Women's Suffrage Movement

  • Seneca Falls Convention

    Women split over the 14th and 15th Amendments, which granted equal rights including the right to vote to African American men, but excluded women. Susan B. Anthony, a leadering proponet of women suffrage, the right to vote, said, "I would sooner cut off my right hand than as the ballot for the black man and not for women."
  • Illegal Voting

    Women pursued court cases to test the 14th Amendment, which stated that states denying their male citizens the right to vote would lose congressional representation. In 1871 and 1872, Susan B. Anthony and other women tested that question by attempting to vote at least 150 times in ten states and the District of Columbia. The supreme court ruled in 1875 that women were indeed citizens-but then denied that citizenship automatically conferred the right to vote.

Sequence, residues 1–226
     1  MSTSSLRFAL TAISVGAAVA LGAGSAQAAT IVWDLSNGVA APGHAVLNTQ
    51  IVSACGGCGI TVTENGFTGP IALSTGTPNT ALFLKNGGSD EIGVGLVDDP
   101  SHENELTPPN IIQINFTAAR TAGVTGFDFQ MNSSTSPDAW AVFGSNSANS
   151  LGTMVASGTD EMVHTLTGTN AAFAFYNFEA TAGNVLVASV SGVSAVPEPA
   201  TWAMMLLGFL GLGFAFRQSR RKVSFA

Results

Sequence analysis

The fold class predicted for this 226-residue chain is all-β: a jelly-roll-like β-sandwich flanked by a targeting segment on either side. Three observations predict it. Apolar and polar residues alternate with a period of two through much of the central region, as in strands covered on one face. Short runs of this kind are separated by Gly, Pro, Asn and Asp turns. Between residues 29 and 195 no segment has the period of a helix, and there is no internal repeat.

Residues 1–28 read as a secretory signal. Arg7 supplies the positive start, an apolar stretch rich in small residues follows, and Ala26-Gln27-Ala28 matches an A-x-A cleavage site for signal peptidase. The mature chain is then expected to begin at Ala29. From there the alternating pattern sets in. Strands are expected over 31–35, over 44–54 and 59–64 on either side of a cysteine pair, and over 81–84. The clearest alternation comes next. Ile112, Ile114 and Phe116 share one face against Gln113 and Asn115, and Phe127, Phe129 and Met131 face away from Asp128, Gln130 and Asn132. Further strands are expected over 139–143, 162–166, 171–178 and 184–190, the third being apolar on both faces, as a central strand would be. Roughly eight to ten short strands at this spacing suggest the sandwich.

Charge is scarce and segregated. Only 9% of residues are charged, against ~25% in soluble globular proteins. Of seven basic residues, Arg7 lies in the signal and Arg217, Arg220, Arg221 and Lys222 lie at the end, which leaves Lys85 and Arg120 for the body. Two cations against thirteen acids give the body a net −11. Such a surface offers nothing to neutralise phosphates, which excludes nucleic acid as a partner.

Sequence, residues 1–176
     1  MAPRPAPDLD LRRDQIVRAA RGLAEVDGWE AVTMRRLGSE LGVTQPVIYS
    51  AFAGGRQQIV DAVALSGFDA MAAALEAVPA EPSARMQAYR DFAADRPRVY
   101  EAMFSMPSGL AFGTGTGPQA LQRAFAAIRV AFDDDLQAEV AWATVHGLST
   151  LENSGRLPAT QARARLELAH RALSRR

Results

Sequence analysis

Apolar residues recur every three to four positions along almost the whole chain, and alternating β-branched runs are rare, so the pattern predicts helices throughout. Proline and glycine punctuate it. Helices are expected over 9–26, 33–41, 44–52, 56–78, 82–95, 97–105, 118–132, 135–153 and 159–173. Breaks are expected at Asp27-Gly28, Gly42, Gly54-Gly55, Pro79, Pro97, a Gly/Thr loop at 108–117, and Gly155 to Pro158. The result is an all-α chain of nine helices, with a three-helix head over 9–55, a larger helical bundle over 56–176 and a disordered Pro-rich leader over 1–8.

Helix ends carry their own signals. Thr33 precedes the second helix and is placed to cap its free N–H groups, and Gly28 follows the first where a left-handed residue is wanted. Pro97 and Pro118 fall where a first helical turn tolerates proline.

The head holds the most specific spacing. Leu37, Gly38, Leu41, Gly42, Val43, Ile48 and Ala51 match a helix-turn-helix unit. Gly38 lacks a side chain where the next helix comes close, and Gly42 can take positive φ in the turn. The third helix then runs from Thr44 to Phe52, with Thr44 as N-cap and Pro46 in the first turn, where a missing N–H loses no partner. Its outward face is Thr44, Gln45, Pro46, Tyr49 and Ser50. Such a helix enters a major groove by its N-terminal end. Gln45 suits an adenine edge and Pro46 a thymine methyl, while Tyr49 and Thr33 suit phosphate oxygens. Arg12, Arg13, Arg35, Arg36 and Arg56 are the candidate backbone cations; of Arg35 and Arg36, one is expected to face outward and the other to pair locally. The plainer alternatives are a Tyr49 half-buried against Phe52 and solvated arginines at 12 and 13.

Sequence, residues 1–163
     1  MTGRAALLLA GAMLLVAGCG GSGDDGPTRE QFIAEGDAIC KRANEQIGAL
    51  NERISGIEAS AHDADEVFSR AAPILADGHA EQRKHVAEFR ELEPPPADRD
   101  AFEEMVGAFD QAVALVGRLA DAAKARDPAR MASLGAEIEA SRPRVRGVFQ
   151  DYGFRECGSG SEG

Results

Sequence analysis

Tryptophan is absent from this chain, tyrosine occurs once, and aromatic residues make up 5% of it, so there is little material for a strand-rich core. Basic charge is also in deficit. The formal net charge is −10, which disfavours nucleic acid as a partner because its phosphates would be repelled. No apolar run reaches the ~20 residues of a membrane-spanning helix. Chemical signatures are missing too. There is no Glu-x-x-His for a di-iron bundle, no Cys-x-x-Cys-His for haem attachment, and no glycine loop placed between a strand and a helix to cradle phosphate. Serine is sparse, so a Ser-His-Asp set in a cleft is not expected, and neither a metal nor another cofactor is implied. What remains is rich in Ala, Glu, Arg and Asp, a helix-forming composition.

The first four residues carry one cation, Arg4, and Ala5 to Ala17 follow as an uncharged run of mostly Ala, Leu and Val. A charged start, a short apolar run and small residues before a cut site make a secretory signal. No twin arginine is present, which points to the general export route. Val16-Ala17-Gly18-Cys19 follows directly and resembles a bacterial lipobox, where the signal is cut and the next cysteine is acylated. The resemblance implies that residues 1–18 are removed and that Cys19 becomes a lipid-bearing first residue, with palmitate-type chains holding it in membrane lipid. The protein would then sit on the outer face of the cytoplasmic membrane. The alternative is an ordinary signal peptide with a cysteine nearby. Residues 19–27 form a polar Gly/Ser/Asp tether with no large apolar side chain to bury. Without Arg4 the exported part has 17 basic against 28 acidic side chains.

• Carry Nation and the WCTU

    The Women's Christian Temperance Union was founded in Cleveland 1874. The WCTU believed that alcholic bevergaes were undermining American morals. They went from saloon to saloon singing, praying, anf urging saloonkeepers to stop selling alchol.
  • NAWSA Formed

    In 1869, Anthony and Elizabeth Cady Stanton had founded the National Women Suffrage Association (NWSA), which united with another group in 1890 to become the Nation Woman Suffrage Association, or NAWSA. Other prominent leaders included Lucy Stone, and Julia Ward Howe, the author of "The Battle Hymn of the Republic."
  • Carrie Chapman Catt and New NAWSA Tactics

    When Catt returned to NAWSA after organizing New York's Women Suffrage Party, she concentrated on five tatics: (1) painstaking organization; (2) close ties between local, state, and national workers; (3) establishing a wide base of support; (4) cautious lobbying; and (5) graciious, ladylike behavior.
  • 19th Amendment

    In 1919, Congress passed the Nineteenth Amendment, granting women the right to vote. The amendment won final ratification in August 1920-72 years after women had first convened and demanded the vote at the Seneca Falls convention in 1848.